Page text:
• 14 June 2007
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Product Innovation

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Product Innovation

Panacea Biotec has added new drugs to its product basket like Siropan, Lower A, Myelogen Forte, Inrica, TOFF Expectorant, Toff DC, Upright SP and Trepro.

Business: Manufacturer of pharmaceuticals and biopharmaceuticals

CEO: Soshil Kumar Jain (MD)

Biotech Revenue: Rs 600 crore

Start-up Year: 1984

Address: B-1 Extn/G-3, Mohan Co-operative Industrial Estate, Mathura Road, New Delhi – 110 044

Tel: 91-11- 41679000, 41678000

Fax: 91-11- 41679070, 26940199

Website: www.panaceabiotec.com

 

The year 2006- 2007 will see Panacea Biotec reach new heights if the revenues of the last year are anything to go by. The total revenue grossed by the company for the nine months ended December 2006 was Rs 607.87 crore out of which vaccines contributed to Rs 475.06 crore and formulations Rs 132.28 crore.

The company, which was amongst the first Indian companies to have introduced Hepatitis B vaccine has received its first supply order from WHO for Hepatitis B vaccine this year. The overall estimated market for Hepatitis B vaccine and its combinations as per UNICEF and PAHO for year 2007 is around 163 million doses, which is estimated to go up to 198 million doses in 2008 and 244 million doses in 2009.

Some of the new drugs added to the list of products in the formulations segment last year are Siropan for renal disease management, Lower A for dyslipidaemia, Myelogen Forte and Inrica for neuropathy, TOFF Expectorant and Toff DC for cough and cold, Upright SP for pain management, Trepro for cardio vascular disease and a total range for diabetes management.

As on March 31, 2007, the company had filed 467 patent applications in various parts of the world and 141 with the Indian patent offices. Of these, 164 have been granted patent and others are under various stages of examination or publication by the patent authorities. The exclusive products based on patented drug delivery system include Panimun Bioral (Cyclosporine), Willgo, ThankGod (for comprehensive management of haemorrohoids ), Xeed ( anti-tubercular FDC with innovative drug delivery for optimum bioavailability of Rifampicin) amongst others.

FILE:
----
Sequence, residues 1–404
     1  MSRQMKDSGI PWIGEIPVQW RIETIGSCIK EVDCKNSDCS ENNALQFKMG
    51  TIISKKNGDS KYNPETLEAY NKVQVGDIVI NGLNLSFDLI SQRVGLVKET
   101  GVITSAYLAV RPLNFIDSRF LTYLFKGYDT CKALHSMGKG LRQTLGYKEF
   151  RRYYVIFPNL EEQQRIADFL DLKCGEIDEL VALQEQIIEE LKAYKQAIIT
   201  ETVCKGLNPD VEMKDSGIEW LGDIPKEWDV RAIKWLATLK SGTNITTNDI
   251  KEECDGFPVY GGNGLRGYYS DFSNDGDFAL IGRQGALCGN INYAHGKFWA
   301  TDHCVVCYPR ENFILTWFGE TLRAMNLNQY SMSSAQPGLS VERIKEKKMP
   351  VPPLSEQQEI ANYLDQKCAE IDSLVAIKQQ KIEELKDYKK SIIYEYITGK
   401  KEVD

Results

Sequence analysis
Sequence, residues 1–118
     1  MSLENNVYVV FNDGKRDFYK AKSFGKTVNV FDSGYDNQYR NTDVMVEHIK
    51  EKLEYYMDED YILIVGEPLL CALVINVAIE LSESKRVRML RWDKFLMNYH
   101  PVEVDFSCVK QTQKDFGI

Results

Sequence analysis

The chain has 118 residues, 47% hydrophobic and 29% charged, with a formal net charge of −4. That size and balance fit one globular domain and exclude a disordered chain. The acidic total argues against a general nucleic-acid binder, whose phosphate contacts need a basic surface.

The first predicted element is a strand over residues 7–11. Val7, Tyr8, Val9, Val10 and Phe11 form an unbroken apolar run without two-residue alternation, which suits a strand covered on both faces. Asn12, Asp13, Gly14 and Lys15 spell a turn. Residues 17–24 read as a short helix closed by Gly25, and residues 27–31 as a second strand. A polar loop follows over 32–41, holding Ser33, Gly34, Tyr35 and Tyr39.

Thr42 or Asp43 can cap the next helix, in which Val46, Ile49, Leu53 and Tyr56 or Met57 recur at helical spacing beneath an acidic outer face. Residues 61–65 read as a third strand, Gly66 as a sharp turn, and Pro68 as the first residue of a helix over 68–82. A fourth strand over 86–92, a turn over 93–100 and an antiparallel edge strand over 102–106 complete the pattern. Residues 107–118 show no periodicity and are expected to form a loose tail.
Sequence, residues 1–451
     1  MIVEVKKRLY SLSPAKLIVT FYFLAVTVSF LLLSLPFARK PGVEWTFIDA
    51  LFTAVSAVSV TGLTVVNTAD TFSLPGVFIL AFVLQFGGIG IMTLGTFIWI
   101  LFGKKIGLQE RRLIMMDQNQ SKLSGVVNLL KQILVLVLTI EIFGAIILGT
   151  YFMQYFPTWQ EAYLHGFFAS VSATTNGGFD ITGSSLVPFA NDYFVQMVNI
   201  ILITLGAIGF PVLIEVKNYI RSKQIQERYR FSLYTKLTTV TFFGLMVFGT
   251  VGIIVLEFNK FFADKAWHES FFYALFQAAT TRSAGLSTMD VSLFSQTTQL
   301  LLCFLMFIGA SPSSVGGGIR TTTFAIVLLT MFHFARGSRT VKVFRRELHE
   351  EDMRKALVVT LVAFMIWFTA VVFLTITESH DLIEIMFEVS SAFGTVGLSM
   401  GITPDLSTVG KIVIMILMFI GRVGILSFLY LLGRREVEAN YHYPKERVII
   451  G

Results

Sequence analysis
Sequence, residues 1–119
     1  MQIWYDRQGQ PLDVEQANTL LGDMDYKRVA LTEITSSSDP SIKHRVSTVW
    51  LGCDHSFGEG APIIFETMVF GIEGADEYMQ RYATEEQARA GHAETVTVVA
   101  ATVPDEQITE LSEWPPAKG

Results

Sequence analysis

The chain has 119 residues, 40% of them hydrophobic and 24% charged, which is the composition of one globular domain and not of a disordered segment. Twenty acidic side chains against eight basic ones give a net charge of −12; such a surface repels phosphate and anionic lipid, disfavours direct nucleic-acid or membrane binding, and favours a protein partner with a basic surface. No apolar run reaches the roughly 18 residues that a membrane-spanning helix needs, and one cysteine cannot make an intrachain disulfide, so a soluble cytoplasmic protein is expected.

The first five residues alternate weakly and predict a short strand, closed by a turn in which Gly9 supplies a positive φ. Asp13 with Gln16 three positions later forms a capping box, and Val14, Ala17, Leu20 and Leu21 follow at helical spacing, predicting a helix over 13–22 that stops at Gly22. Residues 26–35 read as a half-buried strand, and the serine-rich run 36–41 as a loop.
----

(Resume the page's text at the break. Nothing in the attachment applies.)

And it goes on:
The company entered into collaboration with Netherlands Vaccine Institute for IPV vaccine in May 2006 and PT. Bio Farma, Indonesia for measles vaccine in July 2006. Effective December 2006, Panacea also acquired a 10 percent stake in Cambridge Biostability with an investment of Rs 16.80 crore.

Earlier Panacea had signed a long term licensing agreement with Cambridge Biostability in 2004 under which it will in-license CBL's stable liquid technology to develop, produce and market a stable liquid version of pentavalent and other combination vaccines for the treatment of diphtheria, tetanus, pertussis, hepatitis B and Haemophilus influenza B. With this product, Panacea Biotec would have global access to a market of around $700 million. It is expected to be launched by 2010.

Panacea Biotec has four highly sophisticated ultra-modern R&D centers with over 200 qualified and highly experienced scientists for its various research projects. These R&D centers are equipped to handle vaccine development, biopharmaceuticals, drug delivery projects and drug discovery (small molecules) in compliance with international regulatory standards. In the process of establishment is the herbal formulation facility and anti-TB drug formulation facility plant at Baddi, Himachal Pradesh, vaccine formulation facility at Baddi, bacterial and cell culture based vaccine facility and tetanus vaccine facility at Lalru, Punjab.

The total number of employees in the company has risen to 2,700. As far as the company's future strategy is concerned, it can be defined under short-term, medium-term and long-term timelines. The short-term growth strategy (within one year) focuses on developing of oncology and international vaccine divisions. Panacea will be supplying HEP B Combos vaccine to UNICEF. There would be a continuous effort for organic growth both in vaccines and pharmaceuticals and increase visibility in private market through marketing JV with Novartis Vaccines and launch of Polprotec in India and other markets.

The medium-term growth strategy (within 2-3 years) spells out introduction of brands based on novel drug delivery system. The effort will be towards creating global brands in the field of vaccines, pain management, organ transplantation in the US, EU, Japan, China and ROW countries. There would be introduction of human hair growth peptide based formulation in global markets and the supply of anti-TB and ARV and combination vaccines to WHO/UNICEF. The long-term growth strategy (within 3-5 years) will see the company launch thermo stable vaccines, JE and dengue vaccine. There would be out licensing of patented products in the developed markets of the US and Europe.